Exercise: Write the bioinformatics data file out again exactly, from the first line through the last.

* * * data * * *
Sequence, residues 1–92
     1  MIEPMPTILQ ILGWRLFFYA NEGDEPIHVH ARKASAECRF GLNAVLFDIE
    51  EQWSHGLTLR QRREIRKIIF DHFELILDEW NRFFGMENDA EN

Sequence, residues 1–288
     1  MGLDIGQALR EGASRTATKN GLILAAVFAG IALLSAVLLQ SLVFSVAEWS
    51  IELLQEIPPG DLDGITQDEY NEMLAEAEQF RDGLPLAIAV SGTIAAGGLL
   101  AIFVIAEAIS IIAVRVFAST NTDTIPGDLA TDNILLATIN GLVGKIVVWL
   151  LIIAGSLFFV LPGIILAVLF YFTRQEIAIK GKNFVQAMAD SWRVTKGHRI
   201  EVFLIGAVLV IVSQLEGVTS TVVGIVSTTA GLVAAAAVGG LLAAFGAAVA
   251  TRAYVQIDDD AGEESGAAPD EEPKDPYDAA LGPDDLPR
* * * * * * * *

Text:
Sequence, residues 1–92
     1  MIEPMPTILQ ILGWRLFFYA NEGDEPIHVH ARKASAECRF GLNAVLFDIE
    51  EQWSHGLTLR QRREIRKIIF DHFELILDEW NRFFGMENDA EN

Sequence, residues 1–288
     1  MGLDIGQALR EGASRTATKN GLILAAVFAG IALLSAVLLQ SLVFSVAEWS
    51  IELLQEIPPG DLDGITQDEY NEMLAEAEQF RDGLPLAIAV SGTIAAGGLL
   101  AIFVIAEAIS IIAVRVFAST NTDTIPGDLA TDNILLATIN GLVGKIVVWL
   151  LIIAGSLFFV LPGIILAVLF YFTRQEIAIK GKNFVQAMAD SWRVTKGHRI
   201  EVFLIGAVLV IVSQLEGVTS TVVGIVSTTA GLVAAAAVGG LLAAFGAAVA
   251  TRAYVQIDDD AGEESGAAPD EEPKDPYDAA LGPDDLPR